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Monthly Archives: December 2007

New York looks like this


Flatiron building, originally uploaded by Mister Wind-Up Bird.

I was *way* too busy Christmas eating and drinking and watching the Extras finale, but now that that is over with, I finally got around to uploading my pics from NYC.

why yes, I do (heart) NY


I’m back from New York! This was my first trip to NYC since 2000. I don’t know that the city has really changed all that much, but I think in the intervening years, I’ve gone from being a Saskatchewan kid living in Toronto to a pretty committed west-coast urbanite. I say this not because I want to suggest that Vancouver is in quite the same class as NYC, but I do have a much stronger sense of place and why I like living where I’m living. And so I will say this: it is damn hard to get a decent cup of coffee in Manhattan. Not that it can’t be done. (Is there anything that can’t be had in New York?) But you really have to know where you’re going, or you end up with watery Americanos and stale drip coffee.

Aside from that, though, New York is awesome. I got to see the sights with my friend Janelle, spend some time working in the reading room of the New York Public Library, see Spamalot on Broadway (laughed our asses off), and sleep in a tiny fifth-floor room in a Manhattan hostel which had no TV, phone or internet, but had beautiful murals on the walls of all the hallways and rooms.

I’ll put up some pictures later, but here are a few observations from my time in NYC.

  • Going shopping at Macy’s the last Saturday before Xmas was… pretty insane. You know all those shots in Koyaanisqatsi of crowds of people moving, but shot so that the crowds seemed like they were flowing and crawling like they were entities of their own? It’s like that. And it’s stressful. But I managed to buy a Samsonite suitcase at 50% off to carry home all the vintage clothes I bought!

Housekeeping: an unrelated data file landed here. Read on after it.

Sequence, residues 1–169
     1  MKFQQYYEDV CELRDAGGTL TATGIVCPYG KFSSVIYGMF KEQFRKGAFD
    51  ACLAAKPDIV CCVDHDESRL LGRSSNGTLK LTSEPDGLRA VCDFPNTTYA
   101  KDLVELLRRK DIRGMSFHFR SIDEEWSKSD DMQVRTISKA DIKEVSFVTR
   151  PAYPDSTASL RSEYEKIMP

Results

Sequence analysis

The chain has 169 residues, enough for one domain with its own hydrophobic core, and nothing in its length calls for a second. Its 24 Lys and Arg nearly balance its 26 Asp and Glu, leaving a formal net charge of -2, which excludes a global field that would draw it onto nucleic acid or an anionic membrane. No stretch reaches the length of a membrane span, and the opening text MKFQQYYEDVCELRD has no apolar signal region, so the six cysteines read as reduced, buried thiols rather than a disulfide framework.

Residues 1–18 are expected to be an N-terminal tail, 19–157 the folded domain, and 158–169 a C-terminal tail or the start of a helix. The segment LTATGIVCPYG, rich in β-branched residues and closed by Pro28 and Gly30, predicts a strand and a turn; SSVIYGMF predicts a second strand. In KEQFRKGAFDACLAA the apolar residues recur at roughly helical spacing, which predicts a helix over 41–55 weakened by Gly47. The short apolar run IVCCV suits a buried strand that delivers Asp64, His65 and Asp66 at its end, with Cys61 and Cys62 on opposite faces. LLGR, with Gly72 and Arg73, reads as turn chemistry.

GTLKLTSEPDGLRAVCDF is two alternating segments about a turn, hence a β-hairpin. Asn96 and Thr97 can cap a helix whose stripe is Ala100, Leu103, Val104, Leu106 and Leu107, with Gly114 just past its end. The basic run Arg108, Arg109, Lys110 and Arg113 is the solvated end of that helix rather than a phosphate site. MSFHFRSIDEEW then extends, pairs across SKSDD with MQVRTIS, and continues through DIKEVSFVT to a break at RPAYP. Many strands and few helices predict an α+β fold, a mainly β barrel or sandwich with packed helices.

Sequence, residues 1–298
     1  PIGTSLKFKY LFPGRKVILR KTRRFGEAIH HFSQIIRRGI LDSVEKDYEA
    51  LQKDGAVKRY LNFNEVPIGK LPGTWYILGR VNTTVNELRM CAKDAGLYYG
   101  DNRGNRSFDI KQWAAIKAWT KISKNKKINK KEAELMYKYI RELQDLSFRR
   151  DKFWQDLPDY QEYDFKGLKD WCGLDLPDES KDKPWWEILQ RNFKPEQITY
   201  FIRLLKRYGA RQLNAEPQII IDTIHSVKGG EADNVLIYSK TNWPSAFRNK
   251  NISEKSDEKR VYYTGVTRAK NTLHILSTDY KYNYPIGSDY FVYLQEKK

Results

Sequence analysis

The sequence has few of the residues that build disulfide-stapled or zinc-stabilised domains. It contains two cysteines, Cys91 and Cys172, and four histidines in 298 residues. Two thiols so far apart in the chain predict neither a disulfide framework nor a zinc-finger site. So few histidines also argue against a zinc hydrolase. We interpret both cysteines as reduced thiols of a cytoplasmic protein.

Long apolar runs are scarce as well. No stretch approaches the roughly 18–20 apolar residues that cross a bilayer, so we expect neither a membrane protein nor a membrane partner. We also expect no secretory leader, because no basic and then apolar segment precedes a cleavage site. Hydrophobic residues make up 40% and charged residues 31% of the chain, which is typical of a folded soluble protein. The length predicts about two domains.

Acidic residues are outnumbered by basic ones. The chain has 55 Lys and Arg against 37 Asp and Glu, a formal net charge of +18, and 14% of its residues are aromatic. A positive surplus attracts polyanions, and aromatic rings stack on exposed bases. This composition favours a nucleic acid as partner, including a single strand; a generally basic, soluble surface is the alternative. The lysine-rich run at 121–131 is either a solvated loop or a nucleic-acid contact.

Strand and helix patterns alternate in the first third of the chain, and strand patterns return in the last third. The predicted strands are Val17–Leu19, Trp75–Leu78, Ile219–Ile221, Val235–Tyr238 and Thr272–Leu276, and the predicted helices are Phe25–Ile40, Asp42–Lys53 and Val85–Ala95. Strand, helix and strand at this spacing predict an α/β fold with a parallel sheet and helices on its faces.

• Speaking of which, shopping for vintage in NYC is almost too easy. It was fun to go to Williamsburg and visit some hipster-oriented second-hand shops, but Janelle and I visited one (admittedly pretty expensive) vintage store in midtown Manhattan which had hundreds of jackets, all organized by size and colour and style, neatly labelled and sorted. And I mean, dozens of old smoking jackets, corduroy suits, disco jackets, Elvis jumpsuits — everything. It’s too easy. There’s no thrill of the hunt. Sure, I bought a red houndstooth blazer, but I felt a bit dirty doing it.
  • Abhi is right: tiramisu is a lot better in New York. So are bagels. Coffee and sushi, not so much.
  • People in New York are not particularly mean, but unlike Vancouver, they don’t generally go out of their way to be nice. And customer service is mostly pretty bad — or at least, not reliably good. I wouldn’t say I’m a people person: I want simple transactions to be smooth and predictable, and I did find it irritating to have that overruled by the whims of pissy salespeople and surly waitstaff. Seriously, I don’t care if you’re having a bad day — just do your job, take my money, and you never have to see me again.
  • My previous trips to NYC had been pretty much entirely in Manhattan, but this time I got to actually spend some time in Brooklyn (mostly Williamsburg). And for the first time I could actually see myself living in New York. I mean, you got trees and houses and people that know each other. Like a real neighbourhood. And you’re still only about 15 minutes from Manhattan by subway. And all this for only $1400-$2000 for a one-bedroom apartment.

Tofino in Winter


Tofino by Day, originally uploaded by Mister Wind-Up Bird.